Alum Adventures: Harry Li Helps The Chan Zuckerberg Initiative Improve K-12 Education
- Posted by Jesse Polhemus
- on July 24, 2018
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"I had the pleasure of graduating in two recessions," laughs Brown CS alum Harry Li '02, "first in 2002 and then in 2009, after the housing bubble burst." (He also has his PhD from the University of Texas at Austin.) Currently a data scientist, his career path will surely inspire students who graduate during economically challenging times, but what he reveals about the need for self-analysis in our career choices may prove far more valuable.
Harry began working at Facebook in 2009, helping to expand the company's infrastructure. But after more than a half-decade as software engineer and engineering manager, he made a significant career change.
At the time, Mark Zuckerberg had been looking at schools in the Bay Area that were working on educational reform. Teachers at Summit Public Schools were using an in-house tool to enable personalized learning, but they needed assistance with scaling it, and Harry jumped at the chance, co-founding a team that helped it grow from a dozen schools to more than ten times that size. Later, the group became part of the Chan Zuckerberg Initiative, founded by Facebook founder Mark Zuckerberg and Priscilla Chan to advance human potential and promote equality in areas such as health, education, scientific research and energy.
"The key for the Summit Learning Platform," Harry explains, "is engagement. Qualitatively, we see that the students are a lot more engaged with learning. We're not just lecturing, throwing content at them, and moving on whether they get it or they don't. Anecdotally, students are really motivated by the ability to learn in their own way and move at their own pace."
At its core, the program has three pillars: developing critical thinking skills through project-based learning, acquiring content knowledge, and developing habits such as managing time and knowing when to switch strategies. One of the most important goals is to promote students taking charge of their own education. "Kids feel like they belong in school," Harry says. "Think about it: if you didn't feel like you belonged, why would you ever apply yourself?"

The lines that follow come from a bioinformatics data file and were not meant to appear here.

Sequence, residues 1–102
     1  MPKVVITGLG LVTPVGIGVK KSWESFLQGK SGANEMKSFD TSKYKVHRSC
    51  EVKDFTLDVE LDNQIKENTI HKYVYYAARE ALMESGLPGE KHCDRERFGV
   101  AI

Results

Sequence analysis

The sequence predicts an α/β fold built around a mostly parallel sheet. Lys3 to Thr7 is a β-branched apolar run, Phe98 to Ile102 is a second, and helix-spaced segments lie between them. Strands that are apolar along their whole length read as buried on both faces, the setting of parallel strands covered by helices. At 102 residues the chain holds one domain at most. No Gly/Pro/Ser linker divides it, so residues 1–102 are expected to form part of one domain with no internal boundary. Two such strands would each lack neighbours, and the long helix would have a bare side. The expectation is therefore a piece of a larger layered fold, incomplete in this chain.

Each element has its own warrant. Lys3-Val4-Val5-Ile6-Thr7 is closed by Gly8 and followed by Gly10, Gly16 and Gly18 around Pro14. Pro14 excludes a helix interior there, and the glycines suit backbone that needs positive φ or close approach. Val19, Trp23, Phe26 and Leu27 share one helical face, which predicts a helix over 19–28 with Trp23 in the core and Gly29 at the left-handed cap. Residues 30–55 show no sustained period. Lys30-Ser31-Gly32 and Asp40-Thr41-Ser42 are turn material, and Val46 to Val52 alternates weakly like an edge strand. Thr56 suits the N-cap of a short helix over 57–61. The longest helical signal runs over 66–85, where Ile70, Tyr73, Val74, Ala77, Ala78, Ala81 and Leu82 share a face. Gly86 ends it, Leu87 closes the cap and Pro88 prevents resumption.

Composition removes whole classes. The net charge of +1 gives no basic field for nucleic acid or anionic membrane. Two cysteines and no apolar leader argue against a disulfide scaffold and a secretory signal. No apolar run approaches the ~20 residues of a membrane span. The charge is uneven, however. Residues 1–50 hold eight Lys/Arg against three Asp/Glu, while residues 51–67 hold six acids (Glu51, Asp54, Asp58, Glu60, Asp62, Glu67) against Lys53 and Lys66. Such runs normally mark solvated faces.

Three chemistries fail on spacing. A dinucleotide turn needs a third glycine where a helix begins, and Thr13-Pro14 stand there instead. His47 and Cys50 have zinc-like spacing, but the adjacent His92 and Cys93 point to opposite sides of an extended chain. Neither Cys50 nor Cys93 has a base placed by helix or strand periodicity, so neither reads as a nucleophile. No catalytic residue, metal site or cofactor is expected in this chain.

The question of why Harry applied himself to the field of educational technology has an interesting answer. "I don't know who said it," he tells us, "but I remember hearing that one of the most important career choices you can make is who you marry. Part of the reason why I was drawn to working in education was because of my wife, an '04 Brown alum who worked for Teach for America."
Another major reason, he says, was his daughter. "I'd always been very self aware of how important intellectual development was to me, but there are a lot of other things in life. When I had a kid, my priorities changed."
In an era where job stability and earning potential are often cited among the first reasons for studying computer science, Harry's focus on the other benefits of his career move is unusual. "I knew there were big changes happening in the field," he says, "and there still are. Taking care of my daughter on parental leave was so socially and emotionally rewarding. As a computer scientist, it can be hard to find work that makes an emotional connection with us, and I found that through educational technology."
Looking back at his four years at Brown, what was most valuable? Harry cites the sense of community among undergrads as something that Brown CS does particularly well. "It was definitely an important part of my education. On all the teams I've been a part of, at Facebook and other places, the feeling of community really amplifies my engagement and productivity, my creativity. A large part of my job is about creating that cohesion."
It's clear that Harry has thought deeply about what he needs and expects from a career, so we ask him: why is this self-reflection so important? "I think we really need to develop awareness of all the different aspects of our work that satisfy us," he says. "For me, when they're all pointed in the same direction, I can derive a lot of happiness from what I do."
For more information, click the link that follows to contact Brown CS Communication Outreach Specialist Jesse C. Polhemus.